There is also a separate page where you can analyse your followers ie where they come from and who they follow ie 82% of my followers are from the UK and 30% follow @LondonHistorian (a very worthwhile organisation to follow and to join – but I digress).
Dos and Don’ts
Don’t just re-tweet other people’s tweets. Give yourself a voice, have something to say. I personally am unlikely to follow people who don’t have their own identity.
Until a friend moved to Geneva earlier this year the city didn’t have a place on my “to visit” list. It had been somewhere I had passed through on my way to various ski resorts but I had never thought to stop. However after a 4 day visit last week my opinion has changed and I would definitely recommend a trip.
Geneva is an expensive city but many of the museums are free and the biggest bonus of all is free transport for tourists which surely cancels out some of the other expenses incurred.
Free transport for tourists
All travel on the extensive network of buses, trams, trolleybuses and even taxi boats on various routes across the lake is free as is transport to and from the airport by train (around 6 minutes). When you check into your hotel/hostel/campsite you are given a dated card for the duration of your stay.
Getting around isn’t limited to these forms of transport either as from mid April to October you can hire bikes for free (up to 4 hours) too.
You might wonder how you can initially get from the airport to your hotel for free. In the baggage collection hall is a ticket machine that dispenses free transport tickets valid for 80 minutes. There is a big sign saying “Public Transport to Geneva – Free Ticket” but I witnessed several tourists paying for tickets at the machine next to it. Scroll down on this link for a picture so you know what to look for. All you need to do is press the button and a ticket will emerge from the slot.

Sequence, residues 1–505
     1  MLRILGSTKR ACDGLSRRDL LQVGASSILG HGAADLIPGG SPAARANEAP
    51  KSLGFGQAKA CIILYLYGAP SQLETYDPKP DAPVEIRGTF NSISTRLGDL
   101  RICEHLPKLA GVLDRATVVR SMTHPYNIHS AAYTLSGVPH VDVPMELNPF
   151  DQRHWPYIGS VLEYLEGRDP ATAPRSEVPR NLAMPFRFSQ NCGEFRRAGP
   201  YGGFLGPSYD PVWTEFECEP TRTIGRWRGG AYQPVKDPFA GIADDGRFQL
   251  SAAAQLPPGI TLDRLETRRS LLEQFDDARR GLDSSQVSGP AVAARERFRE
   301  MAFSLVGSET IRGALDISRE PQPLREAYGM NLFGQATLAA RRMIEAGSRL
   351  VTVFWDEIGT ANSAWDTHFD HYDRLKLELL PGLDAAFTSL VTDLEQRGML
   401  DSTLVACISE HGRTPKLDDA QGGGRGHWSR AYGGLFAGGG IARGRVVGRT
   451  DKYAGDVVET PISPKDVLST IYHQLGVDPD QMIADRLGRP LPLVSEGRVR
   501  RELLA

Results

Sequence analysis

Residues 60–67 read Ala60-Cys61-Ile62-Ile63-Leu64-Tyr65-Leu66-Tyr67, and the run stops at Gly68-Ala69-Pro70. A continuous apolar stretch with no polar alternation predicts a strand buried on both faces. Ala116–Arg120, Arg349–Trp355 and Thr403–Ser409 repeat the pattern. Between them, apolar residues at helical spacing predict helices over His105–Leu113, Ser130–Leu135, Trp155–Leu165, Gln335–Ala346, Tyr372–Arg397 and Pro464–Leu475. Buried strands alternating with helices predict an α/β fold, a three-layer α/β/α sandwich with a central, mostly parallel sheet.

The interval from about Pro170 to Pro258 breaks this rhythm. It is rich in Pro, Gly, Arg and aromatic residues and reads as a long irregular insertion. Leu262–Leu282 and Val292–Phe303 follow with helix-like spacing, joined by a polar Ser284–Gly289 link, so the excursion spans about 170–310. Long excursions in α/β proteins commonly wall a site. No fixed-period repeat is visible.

You can even use your free transport card to go over the border into France but don’t forget to take Euros.
There are two things that you need to be aware of in Geneva – firstly that the Old Town is at the top of a very steep hill (although bus no. 36 can transport you up there should you wish). Secondly the town is sometimes on two levels which makes reading a one-dimensional map difficult.
What to see
Whenever I go abroad I tend to seek out the smaller attractions rather than the big museums which in some instances are similar to those we have in London. After enjoying Secret London and Secret Brussels I bought a copy of Secret Geneva which gave a lot of historical details about some of the odder things around the City. You can read my review here. One thing that I didn’t get to do was count up exactly how many statues there were in the city which depicted people in the nude – there certainly seemed to be a lot! For other suggestions of things to do in the City this website (which also covers other cities) was useful too.
This was my first museum visit in Geneva and was definitely my favourite. It is the oldest house in Geneva and houses the Museum of Urban History and Daily Life. The museum is free but it is definitely worth investing in 5 CHF for an audio guide which really enhanced my visit.
The tour starts outside where you gaze up at the mysterious heads on the outside of the building. I have never seen anything quite like this before. These heads are replicas, the originals were removed to prevent further decay and can now be seen within the museum. No-one knows exactly why they are there. I would love to be able to go back in time to find out the real story. It was incredibly hard to get a good picture of the outside as it is a very narrow street but if you scroll down to the last page of this booklet you can see where the heads are situated.
Every single floor had something of interest to me and it really was a place full of surprises. The vast cellars are from the original house pre-1334 which destroyed the rest of the building. Originally these cellars wouldn’t have been connected to the main house; access was via a set of enormous doors from the street.